Egypt’s Minister of Defence General Sedki Sobhi headed to Seoul on Sunday, leading a high military delegation in response for an official invitation from his South Korean counterpart, according to a statement from the ministry of defence.
The visit is set to last for several days, and the two military leaders will discuss military and security cooperation between the two sides, the statement read.
Sobhi’s visit to Seoul comes amid tensions in the Korean peninsula a week after the Democratic People’s Republic of Korea (North Korea) successively tested a miniaturised hydrogen nuclear device.
Egypt has expressed its concern on over the North Korea’s latest hydrogen bomb test, describing it as a threat to regional security in East Asia, and during an emergency meeting to discuss the North Korean test, Egypt’s permanent representative to the United Nations, Amr Aboulatta said that Egypt expresses its strong “commitment to dealing swiftly with any threat to the nuclear non-proliferation regime.”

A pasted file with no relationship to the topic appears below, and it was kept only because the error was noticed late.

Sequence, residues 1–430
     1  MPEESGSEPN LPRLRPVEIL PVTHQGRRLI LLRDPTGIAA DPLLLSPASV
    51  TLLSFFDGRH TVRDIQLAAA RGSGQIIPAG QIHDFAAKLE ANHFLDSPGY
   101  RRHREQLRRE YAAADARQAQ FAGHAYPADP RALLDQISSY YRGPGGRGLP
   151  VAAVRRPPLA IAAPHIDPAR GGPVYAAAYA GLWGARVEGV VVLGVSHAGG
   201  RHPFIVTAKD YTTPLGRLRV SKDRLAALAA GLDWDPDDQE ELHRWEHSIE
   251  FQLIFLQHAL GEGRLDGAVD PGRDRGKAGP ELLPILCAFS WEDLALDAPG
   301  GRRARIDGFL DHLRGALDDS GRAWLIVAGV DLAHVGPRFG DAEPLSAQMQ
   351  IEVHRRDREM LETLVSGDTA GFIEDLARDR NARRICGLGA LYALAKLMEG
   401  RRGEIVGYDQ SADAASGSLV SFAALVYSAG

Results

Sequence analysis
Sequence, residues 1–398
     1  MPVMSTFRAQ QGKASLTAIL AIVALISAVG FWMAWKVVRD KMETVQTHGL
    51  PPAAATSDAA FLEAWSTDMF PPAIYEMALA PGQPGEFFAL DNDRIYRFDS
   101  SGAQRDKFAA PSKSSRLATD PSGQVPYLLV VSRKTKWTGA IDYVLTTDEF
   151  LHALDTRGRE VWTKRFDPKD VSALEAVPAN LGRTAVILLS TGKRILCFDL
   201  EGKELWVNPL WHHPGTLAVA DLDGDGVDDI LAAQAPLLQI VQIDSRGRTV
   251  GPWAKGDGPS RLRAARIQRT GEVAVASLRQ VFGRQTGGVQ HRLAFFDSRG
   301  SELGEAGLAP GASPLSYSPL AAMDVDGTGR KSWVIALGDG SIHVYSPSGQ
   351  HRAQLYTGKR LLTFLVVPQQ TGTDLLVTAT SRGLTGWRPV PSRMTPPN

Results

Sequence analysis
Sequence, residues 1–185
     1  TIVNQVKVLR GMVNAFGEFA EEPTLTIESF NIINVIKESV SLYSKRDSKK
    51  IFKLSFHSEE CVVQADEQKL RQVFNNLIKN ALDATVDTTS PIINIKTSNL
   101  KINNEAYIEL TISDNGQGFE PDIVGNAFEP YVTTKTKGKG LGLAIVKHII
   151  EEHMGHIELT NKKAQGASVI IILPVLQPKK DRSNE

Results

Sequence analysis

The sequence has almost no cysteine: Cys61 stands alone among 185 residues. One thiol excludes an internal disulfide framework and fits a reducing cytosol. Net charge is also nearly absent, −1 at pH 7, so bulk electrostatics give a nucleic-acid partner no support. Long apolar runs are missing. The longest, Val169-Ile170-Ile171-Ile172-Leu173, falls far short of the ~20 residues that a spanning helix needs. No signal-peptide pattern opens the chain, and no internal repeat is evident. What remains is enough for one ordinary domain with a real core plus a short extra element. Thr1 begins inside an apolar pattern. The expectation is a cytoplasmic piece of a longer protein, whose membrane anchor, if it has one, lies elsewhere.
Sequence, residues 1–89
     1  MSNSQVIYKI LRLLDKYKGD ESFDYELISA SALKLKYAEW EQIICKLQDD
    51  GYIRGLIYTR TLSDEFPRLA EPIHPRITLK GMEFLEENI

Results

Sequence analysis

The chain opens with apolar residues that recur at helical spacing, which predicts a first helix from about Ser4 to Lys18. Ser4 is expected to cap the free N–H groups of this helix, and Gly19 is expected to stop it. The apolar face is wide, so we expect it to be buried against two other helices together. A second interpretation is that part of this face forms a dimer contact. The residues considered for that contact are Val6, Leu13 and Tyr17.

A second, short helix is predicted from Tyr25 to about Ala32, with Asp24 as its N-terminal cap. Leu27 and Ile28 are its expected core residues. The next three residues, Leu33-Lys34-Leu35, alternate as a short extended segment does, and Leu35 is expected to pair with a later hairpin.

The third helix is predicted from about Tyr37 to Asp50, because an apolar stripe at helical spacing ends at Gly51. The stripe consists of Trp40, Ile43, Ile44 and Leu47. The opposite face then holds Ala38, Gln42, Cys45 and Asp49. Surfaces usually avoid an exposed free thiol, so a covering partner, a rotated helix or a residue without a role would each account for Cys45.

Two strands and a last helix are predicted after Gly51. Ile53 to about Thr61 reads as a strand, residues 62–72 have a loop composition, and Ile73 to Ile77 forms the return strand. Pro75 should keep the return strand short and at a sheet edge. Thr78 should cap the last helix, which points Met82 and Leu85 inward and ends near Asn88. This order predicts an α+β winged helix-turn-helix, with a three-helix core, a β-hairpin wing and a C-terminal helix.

Egypt faces accusations of military cooperation with North Korea, Gardiner Harris and Declan Walsh of the New York Times suggest that a key factor in the decision of the United States to withdrawal of military and financial aids to Cairo is its ongoing relationship with Pyongyang.
According to the Samuel Ramani of the Diplomat, Egypt has military ties with Pyongyang since the 1970s, when former Egyptian President Anwar Al-Sadat authorized the sale of Soviet-made Scud-B missiles to North Korea as a reward for its contributions to Egypt’s 1973 war effort, and Pyongyang technologically assisted Egypt’s Scud-B missile production efforts.